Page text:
The markets are rattled. Investors are nervous. Uncertainty pervades. To find comfort and answers, there are two ways to go: the poetry of the ancients or Matthew's Gospel.
A common thread among people who don't believe in God (or are just unsure) is that fear of death spawned belief in a higher power that would deliver us an afterlife. But I don't think death is the thing here -- it seems to me that we really fear randomness. If we all knew that we would live to a fine old age and die peacefully in our sleep, death would have no sting. But, in fact, children die, and young parents, and good people who have done no harm. Even more lose limbs, suffer mental incapacity, and face countless challenges that appear frighteningly random. Coping, it seems, is a central force in life.
In The New Yorker, writer Stephen Greenblatt looks at death and uncertainty through the eyes of the ancient Roman poet Lucretius. His 2000-year-old essay-in-verse, called "On The Nature of Things," helped spark the shift in Renaissance thinking when it was re-discovered in an Italian monastery library in 1417.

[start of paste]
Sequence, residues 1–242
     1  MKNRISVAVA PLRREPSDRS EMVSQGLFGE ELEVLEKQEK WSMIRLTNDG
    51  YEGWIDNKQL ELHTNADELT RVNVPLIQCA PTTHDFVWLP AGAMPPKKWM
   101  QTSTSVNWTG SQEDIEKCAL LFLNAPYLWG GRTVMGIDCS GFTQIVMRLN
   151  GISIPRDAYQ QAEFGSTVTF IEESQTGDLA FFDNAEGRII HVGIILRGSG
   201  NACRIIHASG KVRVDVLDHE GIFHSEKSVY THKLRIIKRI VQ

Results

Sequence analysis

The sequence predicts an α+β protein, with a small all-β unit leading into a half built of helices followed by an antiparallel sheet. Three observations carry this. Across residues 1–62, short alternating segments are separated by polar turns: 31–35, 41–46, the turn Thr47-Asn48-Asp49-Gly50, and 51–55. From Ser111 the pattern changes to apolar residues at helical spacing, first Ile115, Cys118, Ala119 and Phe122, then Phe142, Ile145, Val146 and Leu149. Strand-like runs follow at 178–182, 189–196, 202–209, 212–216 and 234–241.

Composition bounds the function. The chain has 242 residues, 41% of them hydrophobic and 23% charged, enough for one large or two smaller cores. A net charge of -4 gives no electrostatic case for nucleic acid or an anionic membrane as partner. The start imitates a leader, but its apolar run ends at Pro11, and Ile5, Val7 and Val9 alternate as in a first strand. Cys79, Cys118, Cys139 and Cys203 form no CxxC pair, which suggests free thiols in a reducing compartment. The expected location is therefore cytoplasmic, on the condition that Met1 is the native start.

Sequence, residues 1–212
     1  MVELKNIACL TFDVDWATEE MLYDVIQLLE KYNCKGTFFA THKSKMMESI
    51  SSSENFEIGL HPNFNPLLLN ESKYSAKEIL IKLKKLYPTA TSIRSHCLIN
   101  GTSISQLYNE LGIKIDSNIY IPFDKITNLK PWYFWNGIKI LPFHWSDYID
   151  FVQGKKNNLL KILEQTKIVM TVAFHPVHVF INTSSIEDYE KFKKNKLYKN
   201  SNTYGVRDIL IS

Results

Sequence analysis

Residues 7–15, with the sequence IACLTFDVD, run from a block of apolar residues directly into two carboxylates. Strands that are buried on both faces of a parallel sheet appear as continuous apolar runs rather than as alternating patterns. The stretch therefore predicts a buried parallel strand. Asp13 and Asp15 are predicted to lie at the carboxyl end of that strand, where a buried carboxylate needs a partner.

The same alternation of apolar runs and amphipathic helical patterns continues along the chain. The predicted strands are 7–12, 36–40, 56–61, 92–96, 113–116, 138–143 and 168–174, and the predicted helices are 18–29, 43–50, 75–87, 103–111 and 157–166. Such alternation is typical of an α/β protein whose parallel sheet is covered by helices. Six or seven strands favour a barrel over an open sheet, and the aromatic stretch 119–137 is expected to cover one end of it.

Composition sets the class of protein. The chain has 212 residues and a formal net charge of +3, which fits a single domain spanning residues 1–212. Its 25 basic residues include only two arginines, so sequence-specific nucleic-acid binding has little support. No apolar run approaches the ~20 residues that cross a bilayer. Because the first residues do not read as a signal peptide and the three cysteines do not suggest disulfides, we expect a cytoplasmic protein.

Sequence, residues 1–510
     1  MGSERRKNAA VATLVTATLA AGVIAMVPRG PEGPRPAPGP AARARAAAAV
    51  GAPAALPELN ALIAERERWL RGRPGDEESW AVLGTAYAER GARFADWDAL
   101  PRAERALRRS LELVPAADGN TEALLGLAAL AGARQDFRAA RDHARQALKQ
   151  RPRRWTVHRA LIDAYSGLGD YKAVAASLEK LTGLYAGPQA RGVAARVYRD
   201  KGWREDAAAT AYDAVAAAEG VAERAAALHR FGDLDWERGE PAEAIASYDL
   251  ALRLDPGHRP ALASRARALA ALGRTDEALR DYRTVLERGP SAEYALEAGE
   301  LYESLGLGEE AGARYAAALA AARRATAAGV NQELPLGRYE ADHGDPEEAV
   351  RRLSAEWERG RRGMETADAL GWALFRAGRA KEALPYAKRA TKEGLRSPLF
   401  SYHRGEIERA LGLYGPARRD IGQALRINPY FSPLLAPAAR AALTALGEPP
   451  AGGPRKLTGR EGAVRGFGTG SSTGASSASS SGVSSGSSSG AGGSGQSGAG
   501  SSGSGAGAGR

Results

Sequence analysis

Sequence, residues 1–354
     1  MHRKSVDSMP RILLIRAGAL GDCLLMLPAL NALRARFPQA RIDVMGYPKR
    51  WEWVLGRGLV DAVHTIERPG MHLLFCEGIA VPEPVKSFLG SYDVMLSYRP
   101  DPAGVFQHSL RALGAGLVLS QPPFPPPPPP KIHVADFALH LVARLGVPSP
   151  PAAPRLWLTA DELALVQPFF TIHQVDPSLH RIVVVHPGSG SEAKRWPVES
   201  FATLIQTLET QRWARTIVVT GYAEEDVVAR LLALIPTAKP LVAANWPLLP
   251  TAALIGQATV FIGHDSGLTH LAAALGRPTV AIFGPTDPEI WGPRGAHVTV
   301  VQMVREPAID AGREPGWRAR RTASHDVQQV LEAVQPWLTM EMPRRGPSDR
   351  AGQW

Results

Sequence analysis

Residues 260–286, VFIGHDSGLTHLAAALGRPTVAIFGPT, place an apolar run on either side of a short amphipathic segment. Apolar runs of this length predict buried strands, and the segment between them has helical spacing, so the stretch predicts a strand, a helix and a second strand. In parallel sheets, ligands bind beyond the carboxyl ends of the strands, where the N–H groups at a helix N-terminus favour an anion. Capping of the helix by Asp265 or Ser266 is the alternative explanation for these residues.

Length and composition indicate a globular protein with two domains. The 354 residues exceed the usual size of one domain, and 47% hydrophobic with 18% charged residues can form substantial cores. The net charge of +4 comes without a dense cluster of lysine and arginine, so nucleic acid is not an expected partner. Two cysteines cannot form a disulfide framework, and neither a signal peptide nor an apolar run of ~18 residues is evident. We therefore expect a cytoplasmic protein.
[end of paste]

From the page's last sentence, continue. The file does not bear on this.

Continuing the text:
Lucretius was an advocate of randomness; life, he said, had no meaning or plan, so worrying about it was simply ludicrous. His advice: embrace the day, because that is all we have; every moment spent focused on anxiety about a future over which we have no control is a moment we can never get back. Lucretius was no atheist; he just believed that the gods of ancient Rome and Greece were too high and mighty to much care about the daily goings-on of humans scurrying about on the crust of the Earth. But, as Greenblatt writes, that outlook was taken up by later philosophers who used it to challenge the existence of Heaven, Hell and God.